Uppsala discovery can become medicine to halt Alzheimer‚s

6 December 2007

Within a couple of years research findings from Uppsala University may lead to a new medicine with the potential to halt the progress of Alzheimer‚s disease. The Japanese pharmaceutical giant Eisai has acquired the right to a new antibody, developed by the Swedish company Bioarctic Neuroscience AB, whose research is based on a discovery by Lars Lannfelt, a professor of genetics.

The antibody in question is BAN2401, which is under preliminary development. The antibody attacks the so-called protofibrills that are believed to be the cause of Alzheimer‚s disease. The Bioarctic company, headquartered in Stockholm, is developing new forms of treatment and diagnosis for Alzheimer‚s disease. As early as the summer of 2005 the company embarked upon strategic collaborative work with Japanese Eisai. The aim was to develop a new method for treating Alzheimer‚s disease. Bioarctic, in turn, has been collaborating with Lars Lannfelt‚s research team at the Department of Public Health and Caring Sciences at Uppsala University. In Alzheimer‚s disease, senile plaques are formed in the brain, aggregations consisting primarily of beta-amyloid protein. Alzheimer‚s researchers at Uppsala have shown that it is the preliminary stage of plaque growth, the formation of so-called protofibrills, that cause the death of nerve cells and the loss of contact surfaces required for functioning nerve cell communication in the brain. This damage to the brain leads to the symptoms of the disease. When it comes to finding medicines to fight the disease, a great deal of research has focused on immunization or vaccination. The Uppsala scientists have concentrated on finding an antibody that can function as a vaccine against the preliminary stage of Alzheimer‚s. The research team has developed a unique animal model where they have treated genetically modified Alzheimer‚s mice with so-called passive immunization. They have given the animals a specially designed antibody that seeks out and binds to protofibrills, enabling them to be degraded. The antibody has subsequently been humanized and produced by Bioarctic, and it is now being sold with the potential of becoming a new drug. Entirely new concept „We are extremely happy about our collaboration with Eisai, which is one of the world‚s leading pharmaceutical corporations in Alzheimer‚s research. Since we are working with an entirely new concept for treatment of this serious disorder, we want to have a strong and long-term relationship with a collaborative partner devoted to making this exciting project available on the market,” says Pär Gellefors, CEO of Bioarctic Neuroscience. Gellerfors and Lars Lannfelt co-founded Bioarctic Neuroscience AB. Ownership is shared with Uppsala University Holding AB and Karolinska Institute Innovation. Through its acquisition, Japanese Eisai will have global rights to study, develop, and market the antibody in order to find a treatment for Alzheimer‚s disease. Bioarctic retains the right to market the antibody in the Nordic countries. Eisai already sells the leading Alzheimer‚s treatment Aricept. The company does not wish to disclose the financial terms for the acquisition of the antibody.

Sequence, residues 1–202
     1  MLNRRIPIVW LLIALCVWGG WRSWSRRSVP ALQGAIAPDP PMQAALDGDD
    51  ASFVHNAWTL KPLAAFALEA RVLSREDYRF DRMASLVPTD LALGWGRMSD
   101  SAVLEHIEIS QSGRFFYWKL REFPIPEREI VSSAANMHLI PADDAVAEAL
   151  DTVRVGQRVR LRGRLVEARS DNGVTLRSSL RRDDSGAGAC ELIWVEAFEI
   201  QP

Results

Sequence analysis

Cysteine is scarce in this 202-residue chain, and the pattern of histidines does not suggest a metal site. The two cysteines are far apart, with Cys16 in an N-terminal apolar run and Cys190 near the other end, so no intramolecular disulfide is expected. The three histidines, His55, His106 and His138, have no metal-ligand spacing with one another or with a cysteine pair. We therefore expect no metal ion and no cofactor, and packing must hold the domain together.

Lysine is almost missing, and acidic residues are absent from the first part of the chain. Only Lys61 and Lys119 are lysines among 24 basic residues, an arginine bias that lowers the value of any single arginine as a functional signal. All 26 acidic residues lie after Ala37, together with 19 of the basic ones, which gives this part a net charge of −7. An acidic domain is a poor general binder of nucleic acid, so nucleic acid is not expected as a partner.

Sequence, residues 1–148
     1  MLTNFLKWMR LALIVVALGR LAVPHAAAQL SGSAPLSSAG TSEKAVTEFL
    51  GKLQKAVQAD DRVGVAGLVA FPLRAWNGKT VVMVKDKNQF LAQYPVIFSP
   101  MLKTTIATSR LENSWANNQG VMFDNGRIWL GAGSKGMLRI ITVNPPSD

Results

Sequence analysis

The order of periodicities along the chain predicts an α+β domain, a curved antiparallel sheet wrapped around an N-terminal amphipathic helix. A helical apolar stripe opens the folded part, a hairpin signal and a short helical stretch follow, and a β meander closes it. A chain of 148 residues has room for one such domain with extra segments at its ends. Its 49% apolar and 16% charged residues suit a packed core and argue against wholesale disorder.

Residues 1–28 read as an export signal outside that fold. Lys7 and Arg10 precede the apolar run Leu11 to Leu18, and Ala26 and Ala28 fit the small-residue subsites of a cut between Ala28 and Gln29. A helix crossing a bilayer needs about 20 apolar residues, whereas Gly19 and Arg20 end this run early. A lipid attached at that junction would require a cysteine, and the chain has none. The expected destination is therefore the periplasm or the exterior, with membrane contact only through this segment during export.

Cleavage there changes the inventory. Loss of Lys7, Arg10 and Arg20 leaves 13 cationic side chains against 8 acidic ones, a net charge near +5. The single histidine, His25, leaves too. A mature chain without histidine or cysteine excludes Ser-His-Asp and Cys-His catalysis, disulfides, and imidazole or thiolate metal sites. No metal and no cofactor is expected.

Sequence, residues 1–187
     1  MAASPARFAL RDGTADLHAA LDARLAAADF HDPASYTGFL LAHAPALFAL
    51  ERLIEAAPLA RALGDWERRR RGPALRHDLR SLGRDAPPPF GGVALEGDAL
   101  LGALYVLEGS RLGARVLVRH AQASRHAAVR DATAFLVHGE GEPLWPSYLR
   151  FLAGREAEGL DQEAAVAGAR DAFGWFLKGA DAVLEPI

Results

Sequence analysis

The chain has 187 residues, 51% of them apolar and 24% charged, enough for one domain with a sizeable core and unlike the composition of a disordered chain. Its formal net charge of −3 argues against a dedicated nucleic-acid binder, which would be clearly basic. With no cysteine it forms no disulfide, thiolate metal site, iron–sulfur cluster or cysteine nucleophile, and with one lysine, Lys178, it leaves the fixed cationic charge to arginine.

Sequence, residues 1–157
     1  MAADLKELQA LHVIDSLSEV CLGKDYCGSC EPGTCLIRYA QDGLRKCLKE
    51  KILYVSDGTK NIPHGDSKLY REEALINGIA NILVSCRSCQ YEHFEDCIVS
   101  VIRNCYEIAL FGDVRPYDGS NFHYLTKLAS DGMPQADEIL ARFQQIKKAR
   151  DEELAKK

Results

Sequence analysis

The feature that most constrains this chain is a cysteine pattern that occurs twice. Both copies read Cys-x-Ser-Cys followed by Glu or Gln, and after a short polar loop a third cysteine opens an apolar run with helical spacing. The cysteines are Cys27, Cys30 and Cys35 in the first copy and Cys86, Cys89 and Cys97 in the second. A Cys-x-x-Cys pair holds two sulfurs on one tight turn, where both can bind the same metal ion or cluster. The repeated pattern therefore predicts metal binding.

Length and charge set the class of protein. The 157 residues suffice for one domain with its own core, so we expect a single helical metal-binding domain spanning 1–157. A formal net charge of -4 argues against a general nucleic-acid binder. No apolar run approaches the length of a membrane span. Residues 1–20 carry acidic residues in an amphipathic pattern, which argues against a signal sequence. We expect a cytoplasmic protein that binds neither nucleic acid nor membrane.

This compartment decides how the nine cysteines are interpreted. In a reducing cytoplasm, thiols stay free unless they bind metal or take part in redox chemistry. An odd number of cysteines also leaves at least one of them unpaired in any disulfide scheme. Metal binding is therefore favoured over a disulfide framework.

Last modified: 2021-02-14